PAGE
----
Last night I had a lovely time at the Cáca Milis Cabaret with a few friends and some nice wine at Arthurs in Thomas Street.
My friend Helena Mulkerns has been running Cáca Milis for several years now and has recently brought it from Wexford to Dublin. She sang a tricky Kurt Weill number with panache and sequins accompanied by Josh Johnston. But what really impressed me was the diversity of talent she brought to the stage.
Author Louise O’Neill, whose recent and critically acclaimed novel “Only Ever Yours” I read and enjoyed very much (and couldn’t help thinking Organised Recreation would have been a good idea for certain of my characters to blunt their bloodthirstiness, but anyway) read a section from her novel and it was gripping and chilling at the same time. Then we had Christiane O’Mahony the Harpedian (Harpist + Comedian) who wrote a poignant song about the problems of singlehood and trying to make a packet of ham last throughout the week. She is very good, folks. I was nearly in pain laughing. Andrew Legge‘s short, steampunky film “The Girl with the Mechanical Maiden” was really sweet and heartbreaking. And Lorraine McColgan and the Winters are a folk group whose voices blend really well together – and who write damn good songs.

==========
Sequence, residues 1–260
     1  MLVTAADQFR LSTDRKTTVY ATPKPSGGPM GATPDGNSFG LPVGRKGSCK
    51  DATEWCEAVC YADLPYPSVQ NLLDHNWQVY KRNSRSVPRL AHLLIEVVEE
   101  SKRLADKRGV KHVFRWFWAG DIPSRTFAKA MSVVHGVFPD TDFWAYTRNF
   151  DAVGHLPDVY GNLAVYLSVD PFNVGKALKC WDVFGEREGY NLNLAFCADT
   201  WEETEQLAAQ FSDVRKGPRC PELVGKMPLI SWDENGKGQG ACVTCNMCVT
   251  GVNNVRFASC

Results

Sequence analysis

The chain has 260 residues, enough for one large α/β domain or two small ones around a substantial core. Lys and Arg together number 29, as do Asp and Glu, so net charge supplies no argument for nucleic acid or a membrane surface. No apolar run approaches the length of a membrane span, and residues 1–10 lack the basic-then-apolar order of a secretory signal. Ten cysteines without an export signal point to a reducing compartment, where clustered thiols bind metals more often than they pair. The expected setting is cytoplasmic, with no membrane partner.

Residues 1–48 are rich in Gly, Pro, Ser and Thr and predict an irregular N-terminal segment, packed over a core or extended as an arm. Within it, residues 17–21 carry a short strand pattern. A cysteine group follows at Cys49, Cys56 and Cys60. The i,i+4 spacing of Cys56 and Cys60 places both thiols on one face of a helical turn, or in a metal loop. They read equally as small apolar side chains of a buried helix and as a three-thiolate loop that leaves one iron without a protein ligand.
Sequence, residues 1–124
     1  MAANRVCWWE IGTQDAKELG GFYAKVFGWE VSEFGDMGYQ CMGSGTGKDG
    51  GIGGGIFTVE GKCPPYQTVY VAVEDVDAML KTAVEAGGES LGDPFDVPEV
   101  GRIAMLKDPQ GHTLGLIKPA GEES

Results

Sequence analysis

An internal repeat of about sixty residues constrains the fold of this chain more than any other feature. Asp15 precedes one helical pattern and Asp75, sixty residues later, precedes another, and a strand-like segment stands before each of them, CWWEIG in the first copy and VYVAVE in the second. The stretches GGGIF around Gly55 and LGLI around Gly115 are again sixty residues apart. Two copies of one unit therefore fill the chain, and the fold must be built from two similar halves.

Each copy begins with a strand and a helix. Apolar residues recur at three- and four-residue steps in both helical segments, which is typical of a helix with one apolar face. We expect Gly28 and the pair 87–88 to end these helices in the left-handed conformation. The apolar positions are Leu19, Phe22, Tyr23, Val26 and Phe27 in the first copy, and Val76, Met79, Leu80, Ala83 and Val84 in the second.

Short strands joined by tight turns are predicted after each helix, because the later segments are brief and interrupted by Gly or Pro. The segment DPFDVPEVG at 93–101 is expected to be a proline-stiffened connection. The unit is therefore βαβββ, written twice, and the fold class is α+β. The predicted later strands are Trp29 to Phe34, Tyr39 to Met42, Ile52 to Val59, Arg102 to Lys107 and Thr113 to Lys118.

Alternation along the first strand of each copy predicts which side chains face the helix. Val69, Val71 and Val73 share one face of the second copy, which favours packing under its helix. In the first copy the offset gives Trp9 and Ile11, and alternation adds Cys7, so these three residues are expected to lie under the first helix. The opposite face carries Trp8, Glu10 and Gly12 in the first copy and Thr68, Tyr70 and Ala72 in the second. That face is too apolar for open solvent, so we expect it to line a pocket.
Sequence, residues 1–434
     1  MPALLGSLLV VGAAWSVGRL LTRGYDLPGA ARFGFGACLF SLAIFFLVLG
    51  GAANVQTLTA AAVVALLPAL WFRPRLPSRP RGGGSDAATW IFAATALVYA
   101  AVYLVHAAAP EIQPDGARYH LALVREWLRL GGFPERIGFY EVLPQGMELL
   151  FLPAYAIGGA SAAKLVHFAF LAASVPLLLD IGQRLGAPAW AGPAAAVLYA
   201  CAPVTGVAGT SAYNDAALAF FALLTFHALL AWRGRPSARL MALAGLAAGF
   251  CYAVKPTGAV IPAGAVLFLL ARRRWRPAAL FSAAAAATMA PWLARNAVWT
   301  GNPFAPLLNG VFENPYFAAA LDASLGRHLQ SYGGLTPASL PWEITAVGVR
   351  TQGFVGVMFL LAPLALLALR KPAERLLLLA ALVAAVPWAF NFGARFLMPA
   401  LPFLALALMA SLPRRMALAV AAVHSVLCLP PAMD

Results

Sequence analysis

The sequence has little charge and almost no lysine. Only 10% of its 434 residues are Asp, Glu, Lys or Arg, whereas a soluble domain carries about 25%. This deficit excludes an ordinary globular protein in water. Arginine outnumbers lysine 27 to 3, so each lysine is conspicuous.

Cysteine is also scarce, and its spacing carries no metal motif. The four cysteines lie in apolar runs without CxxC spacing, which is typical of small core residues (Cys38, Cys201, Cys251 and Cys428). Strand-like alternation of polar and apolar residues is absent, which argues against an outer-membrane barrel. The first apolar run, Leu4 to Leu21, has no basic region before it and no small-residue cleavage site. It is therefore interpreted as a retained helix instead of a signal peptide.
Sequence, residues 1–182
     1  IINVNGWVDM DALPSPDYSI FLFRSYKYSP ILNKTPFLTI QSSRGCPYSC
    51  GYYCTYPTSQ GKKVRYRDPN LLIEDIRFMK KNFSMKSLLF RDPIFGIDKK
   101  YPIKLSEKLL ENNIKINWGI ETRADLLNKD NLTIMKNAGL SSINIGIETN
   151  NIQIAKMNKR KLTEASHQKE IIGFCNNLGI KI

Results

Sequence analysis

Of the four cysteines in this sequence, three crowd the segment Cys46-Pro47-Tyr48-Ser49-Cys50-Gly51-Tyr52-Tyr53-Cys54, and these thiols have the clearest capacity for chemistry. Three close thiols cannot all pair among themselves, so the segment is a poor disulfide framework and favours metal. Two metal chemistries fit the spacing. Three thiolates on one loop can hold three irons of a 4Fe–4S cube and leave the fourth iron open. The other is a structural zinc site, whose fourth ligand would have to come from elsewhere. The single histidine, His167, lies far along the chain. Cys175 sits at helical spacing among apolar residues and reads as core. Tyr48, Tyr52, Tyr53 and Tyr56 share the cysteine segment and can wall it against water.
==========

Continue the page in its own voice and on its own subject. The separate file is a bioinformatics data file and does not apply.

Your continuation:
For me it was a nice occasion to catch up with friends on a balmy July night, but I was also impressed by the talent on show, none of it sponsored or given grants or organised in libraries. Though that said, when in West Cork, I briefly dropped into Bantry to hear Eimear McBride read from Girl is a Half Formed Thing and found her voice sonorous and the prose style very poetic. I don’t tend to read experimental fiction but maybe I could give this one a try.
I have been reading Small Island by Andrea Levy and it’s magnificent in scope and style – everything I could want in a book. More detailed review later when the resonances have faded and my mind is clear.
Anyway, here is a picture from the south side of Cape Clear, up at the top of the island on a looped walk: